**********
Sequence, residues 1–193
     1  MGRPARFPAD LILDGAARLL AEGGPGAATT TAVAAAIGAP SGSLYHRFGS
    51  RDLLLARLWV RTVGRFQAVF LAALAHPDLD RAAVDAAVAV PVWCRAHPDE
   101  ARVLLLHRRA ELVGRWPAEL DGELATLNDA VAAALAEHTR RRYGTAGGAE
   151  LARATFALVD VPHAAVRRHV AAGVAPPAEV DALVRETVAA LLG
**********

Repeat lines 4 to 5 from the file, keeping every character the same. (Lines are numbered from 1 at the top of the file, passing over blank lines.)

   101  ARVLLLHRRA ELVGRWPAEL DGELATLNDA VAAALAEHTR RRYGTAGGAE
   151  LARATFALVD VPHAAVRRHV AAGVAPPAEV DALVRETVAA LLG